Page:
POETRY OFTEN IS associated with youth. Young people have the emotional intensity that easily channels into poems about lost loves, poems about life's cruelties, poems about despair. Witness Charles Baudelaire, Rainer Maria Rilke and Emily Dickinson -- all began writing when they were young.
That's not how it happened to the late poet Elizabeth Brigham Rooney. She didn't write poetry until her second half-century, and then only after she felt God called her to it.
When she was in her early 50s, Rooney was busy tending the gift shop at Cave of the Mounds in Wisconsin, a limestone cavern and tourist attraction
I hope each day
that had been discovered on her family's farm when she was a child. Poetry was not on her mind.
"She was involved in the business. She was a perfectionist," said Patricia Rooney, her daughter and the youngest of four children.
Something, however, apparently was missing.
"Mother had been trying all different routes to satisfy her spiritual hunger," Patricia Rooney said in a telephone interview from Blue Mounds, Wisc.
It was not as though Rooney lacked a religious affiliation. An Episcopalian since she was a student at Smith College, she was married to the Rev. Michael Rooney, an Episcopal priest who served parishes in the Northeast and worked at the Episcopal Church Center in New York before the couple moved back to Blue Mounds to run the family business. The couple met in New York when she was studying for her master's degree in Christian education at Union Theological Seminary and Columbia University and he was a student at General Theological Seminary.
In 1978, at age 54, Rooney joined the Society of the Companions of the Holy Cross. It was a life-altering experience.
Poems 'flowed out'
The admission ceremony brought an "inrush of feeling, and the poems just flowed out," said Janet Woodhull, a lifelong friend who attended both Smith and Union with Rooney and sponsored her for membership in the society.
The chimney swifts cut great patterns in the sky.
Luci Shaw, a poet who met Rooney when she attended Shaw's poetry workshop, recounted in the book "Bright Legacy, Portraits of Ten Outstanding Christian Women" that Rooney told her, "I fell in love with God. It was as if my veins were bubbling with champagne."
The poems kept flowing, sometimes four or five a day. When she died in 1999 at age 74, there were more than 700, according to Patricia Rooney.
Rooney's poems appeared in magazines, including "The Living Church" and "Weavings," and in poetry anthologies. Friends urged her to publish a book, but she had trouble finding a publisher.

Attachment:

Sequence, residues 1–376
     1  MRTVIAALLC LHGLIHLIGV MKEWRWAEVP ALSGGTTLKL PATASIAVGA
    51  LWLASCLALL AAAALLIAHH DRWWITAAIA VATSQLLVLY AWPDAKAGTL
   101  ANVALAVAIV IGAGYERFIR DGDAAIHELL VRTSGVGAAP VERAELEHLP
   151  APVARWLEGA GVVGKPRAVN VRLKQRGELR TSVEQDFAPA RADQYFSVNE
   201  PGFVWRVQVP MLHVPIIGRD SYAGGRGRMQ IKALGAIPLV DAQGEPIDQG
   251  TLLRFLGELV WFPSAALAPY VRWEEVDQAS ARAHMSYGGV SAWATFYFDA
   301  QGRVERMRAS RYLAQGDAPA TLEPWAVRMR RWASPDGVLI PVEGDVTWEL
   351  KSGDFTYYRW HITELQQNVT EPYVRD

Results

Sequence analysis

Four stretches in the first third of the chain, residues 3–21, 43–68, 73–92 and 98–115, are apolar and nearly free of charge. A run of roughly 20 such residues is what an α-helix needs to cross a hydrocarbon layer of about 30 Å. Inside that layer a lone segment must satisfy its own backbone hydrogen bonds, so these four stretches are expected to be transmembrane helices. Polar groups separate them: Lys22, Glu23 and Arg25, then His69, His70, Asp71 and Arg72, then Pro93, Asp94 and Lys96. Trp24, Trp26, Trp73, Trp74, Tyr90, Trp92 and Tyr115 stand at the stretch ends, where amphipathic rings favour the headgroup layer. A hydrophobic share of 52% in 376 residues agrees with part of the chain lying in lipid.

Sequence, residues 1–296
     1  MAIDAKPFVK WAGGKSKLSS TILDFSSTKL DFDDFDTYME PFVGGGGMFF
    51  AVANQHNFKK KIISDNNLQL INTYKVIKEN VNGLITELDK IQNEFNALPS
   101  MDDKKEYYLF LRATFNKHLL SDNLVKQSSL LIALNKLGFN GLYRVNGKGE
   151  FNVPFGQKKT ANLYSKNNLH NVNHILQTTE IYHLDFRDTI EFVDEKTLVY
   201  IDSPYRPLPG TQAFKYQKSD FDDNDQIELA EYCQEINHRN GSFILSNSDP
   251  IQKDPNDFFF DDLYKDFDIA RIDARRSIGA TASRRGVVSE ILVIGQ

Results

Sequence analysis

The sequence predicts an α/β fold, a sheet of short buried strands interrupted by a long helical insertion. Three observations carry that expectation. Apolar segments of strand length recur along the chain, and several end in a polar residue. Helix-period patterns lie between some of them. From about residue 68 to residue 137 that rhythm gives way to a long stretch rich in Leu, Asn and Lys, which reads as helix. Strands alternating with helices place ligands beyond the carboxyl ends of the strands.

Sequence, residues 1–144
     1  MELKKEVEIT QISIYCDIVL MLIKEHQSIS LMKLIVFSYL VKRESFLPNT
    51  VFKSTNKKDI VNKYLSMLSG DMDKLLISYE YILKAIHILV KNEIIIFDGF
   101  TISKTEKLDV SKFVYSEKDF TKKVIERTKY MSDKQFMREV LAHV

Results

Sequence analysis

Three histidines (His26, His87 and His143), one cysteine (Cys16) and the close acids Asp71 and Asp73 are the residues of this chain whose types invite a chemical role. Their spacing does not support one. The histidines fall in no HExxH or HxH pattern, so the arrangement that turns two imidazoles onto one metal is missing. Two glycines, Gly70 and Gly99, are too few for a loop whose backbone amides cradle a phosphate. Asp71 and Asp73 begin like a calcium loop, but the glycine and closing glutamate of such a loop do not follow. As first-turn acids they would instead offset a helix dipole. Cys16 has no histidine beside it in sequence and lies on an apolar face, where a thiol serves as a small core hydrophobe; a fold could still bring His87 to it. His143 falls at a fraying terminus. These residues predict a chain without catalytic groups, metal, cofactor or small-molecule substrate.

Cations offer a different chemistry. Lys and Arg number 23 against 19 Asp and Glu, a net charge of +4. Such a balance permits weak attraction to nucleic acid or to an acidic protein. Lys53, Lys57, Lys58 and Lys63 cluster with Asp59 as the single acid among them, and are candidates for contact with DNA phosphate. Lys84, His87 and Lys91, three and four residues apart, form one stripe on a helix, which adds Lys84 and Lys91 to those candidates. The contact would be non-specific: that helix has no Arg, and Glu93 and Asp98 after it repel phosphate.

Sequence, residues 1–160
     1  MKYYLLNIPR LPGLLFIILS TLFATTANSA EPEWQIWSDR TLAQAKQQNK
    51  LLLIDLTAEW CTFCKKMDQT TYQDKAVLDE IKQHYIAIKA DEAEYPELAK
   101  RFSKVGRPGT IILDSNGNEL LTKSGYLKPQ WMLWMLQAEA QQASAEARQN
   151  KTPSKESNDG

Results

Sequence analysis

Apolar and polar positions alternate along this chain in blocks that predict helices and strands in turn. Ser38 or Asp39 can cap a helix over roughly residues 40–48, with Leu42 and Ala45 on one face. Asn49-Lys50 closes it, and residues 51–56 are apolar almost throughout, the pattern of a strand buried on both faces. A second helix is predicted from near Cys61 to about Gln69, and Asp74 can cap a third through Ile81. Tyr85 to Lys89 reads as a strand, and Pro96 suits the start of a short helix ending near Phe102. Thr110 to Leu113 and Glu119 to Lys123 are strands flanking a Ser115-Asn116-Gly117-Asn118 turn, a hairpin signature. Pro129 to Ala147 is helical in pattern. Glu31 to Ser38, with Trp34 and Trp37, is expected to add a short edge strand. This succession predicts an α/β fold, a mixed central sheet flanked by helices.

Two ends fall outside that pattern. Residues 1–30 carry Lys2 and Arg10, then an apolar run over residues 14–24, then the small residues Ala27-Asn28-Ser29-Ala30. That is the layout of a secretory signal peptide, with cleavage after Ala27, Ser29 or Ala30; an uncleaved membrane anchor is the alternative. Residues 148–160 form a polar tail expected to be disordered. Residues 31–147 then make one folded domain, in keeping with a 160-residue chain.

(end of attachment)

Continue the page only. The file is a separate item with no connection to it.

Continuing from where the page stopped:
After Rooney died, Patricia Rooney decided to publish her mother's poetry. Working with a book-design firm, she organized the poetry into four soft-cover books, one for each season. "I didn't want it to be devotional, but thought it would give it a framework."
Many of the poems delight in evoking the natural world. "The chimney swifts cut great patterns in the sky," a 1979 poem begins.
Other poems address theological themes but contain a down-to-earth quality, like the poem about a boy standing by the side of the road and seeing Jesus "swinging along with his friends."
"She was not weirdly mystical," Patricia Rooney s
Something within me
aid. "She was very grounded in reality."
Yet the poetry came from somewhere.
"I think that when you let God take charge of your life, he picks something most appropriate for you," Rooney told the Wisconsin State Journal in 1983.
That Rooney began writing poetry after a religious experience isn't unusual, said sociologist Robert Wuthnow, who directs Princeton University's Center for the Study of Religion and has written about artists' experiences with spirituality.
"It sounds like that was something she valued, and probably it was a language in which her sense of spirituality and her sense of truth could be expressed," Wuthnow said.
Patricia Rooney said her mother loved the poetic form. "Emily Dickinson was a role model."
The poems also came from other people's experiences. Norma Madsen, who became friends with Rooney after she read Shaw's account, often turned to the older woman for advice and solace.
After Madsen had confided in her one day, Rooney wrote: "I don'tthink she always understood the reason for my tears."
Concluded Madsen, "She really felt her poems were gifts of the Holy Spirit, and she delighted in them."
"All Miracle," the four-volume set of Elizabeth Brigham Rooney's poetry can be ordered from Brigham Farm Publishing, www.brighamfarm.com, or by phone, 608-437-3588. The set costs $46 plus tax and shipping. Individual volumes cost $12.95.
Paula Schaap is a freelance writer who lives in New York.